- The establishment of reserve-level rates (amounts that member banks must set aside to be reserved against deposits). These amounts depend on the nation's economic activity status, with emphasis placed on price levels and the volume of business and consumer expenditures. By the lowering of the required reserve-level rate, banks can increase the proportion of funds they are able to lend to customers. By raising the required reserve-level rate, the opposite effect takes place. Thus, the Fed can influence such factors as economic activities, the money supply, interest rates, credit availability, and prices. However, a change in a reserve-level rate usually causes banks to change their strategic plans. In addition, a reserve-level rate increase is costly to banks. Consequently, changes in reserve-level rates are uncommon.
- The approval of discount rates (interest rates at which member banks may borrow short-term funds from their Reserve Bank). When inflation threatens, a discount-rate increase tends to dampen economic activity because then banks charge higher interest rates to borrowers. On the other hand, a discount-rate decrease is designed to stimulate business activity. The term discount window is often used when describing a Reserve Bank facility that extends credit to a member bank.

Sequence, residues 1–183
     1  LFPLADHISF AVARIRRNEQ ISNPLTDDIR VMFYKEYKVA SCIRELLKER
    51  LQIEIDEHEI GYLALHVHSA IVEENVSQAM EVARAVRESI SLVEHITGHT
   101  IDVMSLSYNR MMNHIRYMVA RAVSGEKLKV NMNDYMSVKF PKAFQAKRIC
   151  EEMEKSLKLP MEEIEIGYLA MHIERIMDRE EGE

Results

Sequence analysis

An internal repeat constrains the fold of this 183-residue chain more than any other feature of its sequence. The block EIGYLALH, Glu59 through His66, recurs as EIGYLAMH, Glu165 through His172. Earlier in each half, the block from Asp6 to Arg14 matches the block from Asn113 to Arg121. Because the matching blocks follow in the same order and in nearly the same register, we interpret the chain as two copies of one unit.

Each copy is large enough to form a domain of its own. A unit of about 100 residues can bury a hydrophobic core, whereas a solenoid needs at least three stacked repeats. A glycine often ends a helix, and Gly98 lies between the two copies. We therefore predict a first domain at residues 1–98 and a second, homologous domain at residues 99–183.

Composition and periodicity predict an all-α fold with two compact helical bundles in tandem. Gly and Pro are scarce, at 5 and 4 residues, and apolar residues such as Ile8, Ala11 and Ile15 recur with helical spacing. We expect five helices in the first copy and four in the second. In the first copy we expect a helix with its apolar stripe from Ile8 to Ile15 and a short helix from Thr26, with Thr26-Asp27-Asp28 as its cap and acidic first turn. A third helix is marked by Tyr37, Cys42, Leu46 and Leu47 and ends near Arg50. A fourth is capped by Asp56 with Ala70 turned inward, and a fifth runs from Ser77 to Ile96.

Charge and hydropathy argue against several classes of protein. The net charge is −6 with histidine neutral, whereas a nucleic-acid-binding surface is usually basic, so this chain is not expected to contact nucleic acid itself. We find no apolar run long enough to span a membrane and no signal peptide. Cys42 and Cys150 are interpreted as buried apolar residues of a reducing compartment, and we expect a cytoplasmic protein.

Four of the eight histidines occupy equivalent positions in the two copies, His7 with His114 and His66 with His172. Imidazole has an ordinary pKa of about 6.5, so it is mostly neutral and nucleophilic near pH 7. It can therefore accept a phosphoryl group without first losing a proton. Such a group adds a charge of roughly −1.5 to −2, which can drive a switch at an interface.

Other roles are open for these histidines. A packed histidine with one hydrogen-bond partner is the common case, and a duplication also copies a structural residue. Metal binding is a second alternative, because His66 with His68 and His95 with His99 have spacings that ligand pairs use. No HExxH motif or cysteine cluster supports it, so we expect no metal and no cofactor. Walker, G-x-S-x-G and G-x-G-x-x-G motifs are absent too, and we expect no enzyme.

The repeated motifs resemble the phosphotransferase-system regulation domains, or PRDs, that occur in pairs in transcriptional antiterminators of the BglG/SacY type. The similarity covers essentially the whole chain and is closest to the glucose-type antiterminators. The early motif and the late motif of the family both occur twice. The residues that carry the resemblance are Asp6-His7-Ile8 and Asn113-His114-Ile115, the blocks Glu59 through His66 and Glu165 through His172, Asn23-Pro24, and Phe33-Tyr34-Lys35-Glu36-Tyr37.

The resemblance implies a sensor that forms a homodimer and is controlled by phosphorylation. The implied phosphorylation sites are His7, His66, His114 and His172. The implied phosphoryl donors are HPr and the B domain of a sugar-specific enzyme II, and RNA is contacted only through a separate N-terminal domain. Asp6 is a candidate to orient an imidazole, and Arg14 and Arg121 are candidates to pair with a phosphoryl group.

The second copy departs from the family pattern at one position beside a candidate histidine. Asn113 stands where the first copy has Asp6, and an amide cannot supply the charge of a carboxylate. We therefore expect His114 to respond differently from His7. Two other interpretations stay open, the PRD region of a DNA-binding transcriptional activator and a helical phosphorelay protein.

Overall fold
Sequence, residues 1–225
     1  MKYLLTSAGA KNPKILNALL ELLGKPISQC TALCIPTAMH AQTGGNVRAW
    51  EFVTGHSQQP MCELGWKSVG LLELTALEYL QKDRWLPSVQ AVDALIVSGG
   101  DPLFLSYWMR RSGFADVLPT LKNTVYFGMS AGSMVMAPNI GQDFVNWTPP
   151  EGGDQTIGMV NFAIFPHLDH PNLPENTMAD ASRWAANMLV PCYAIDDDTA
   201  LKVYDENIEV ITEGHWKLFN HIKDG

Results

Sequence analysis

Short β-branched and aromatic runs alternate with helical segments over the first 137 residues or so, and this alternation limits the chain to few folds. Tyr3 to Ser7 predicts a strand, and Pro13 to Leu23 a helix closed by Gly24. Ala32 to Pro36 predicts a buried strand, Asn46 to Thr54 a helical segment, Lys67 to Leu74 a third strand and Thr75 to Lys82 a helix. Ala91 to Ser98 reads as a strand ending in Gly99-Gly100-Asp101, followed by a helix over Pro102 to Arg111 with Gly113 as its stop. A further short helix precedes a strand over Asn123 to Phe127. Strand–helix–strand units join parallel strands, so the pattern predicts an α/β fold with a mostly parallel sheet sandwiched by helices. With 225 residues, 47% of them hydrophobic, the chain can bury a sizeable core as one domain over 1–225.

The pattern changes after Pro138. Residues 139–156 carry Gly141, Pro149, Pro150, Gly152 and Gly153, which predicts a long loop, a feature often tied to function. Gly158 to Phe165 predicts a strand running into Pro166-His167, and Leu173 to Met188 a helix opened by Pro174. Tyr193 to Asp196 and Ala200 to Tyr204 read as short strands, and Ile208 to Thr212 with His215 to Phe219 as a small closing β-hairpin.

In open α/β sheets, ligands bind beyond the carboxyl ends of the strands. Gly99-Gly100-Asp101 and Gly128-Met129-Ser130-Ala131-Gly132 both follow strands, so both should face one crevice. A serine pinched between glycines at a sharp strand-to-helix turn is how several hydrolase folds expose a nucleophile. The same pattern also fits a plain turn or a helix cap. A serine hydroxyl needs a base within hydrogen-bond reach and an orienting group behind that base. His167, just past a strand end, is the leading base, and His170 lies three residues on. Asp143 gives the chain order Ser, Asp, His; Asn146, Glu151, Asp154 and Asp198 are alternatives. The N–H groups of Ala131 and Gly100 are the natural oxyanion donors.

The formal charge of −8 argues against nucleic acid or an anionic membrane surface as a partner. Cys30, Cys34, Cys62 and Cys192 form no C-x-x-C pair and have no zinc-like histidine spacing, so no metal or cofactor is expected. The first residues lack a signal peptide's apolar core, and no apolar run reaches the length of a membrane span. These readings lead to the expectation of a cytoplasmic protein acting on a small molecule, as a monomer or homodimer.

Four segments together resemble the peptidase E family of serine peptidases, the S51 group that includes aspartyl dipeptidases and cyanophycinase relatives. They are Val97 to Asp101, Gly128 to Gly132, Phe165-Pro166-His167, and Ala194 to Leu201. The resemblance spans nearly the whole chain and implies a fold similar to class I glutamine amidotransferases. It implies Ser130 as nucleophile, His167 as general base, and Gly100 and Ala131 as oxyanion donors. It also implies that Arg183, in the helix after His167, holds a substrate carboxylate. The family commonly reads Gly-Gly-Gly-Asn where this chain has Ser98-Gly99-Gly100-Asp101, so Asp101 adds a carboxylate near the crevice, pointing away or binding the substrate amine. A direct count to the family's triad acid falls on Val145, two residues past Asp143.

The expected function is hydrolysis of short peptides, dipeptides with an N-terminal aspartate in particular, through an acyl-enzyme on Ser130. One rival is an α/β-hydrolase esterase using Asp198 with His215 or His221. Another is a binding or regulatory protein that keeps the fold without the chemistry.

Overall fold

- Another rate, the federal funds rate, is an important factor affecting day-to-day bank operations. This is the rate charged by one depository institution to another for the overnight loan of funds. This happens when one bank is short of funds while another has a surplus. The rate is not fixed; it may change from day to day and from bank to bank.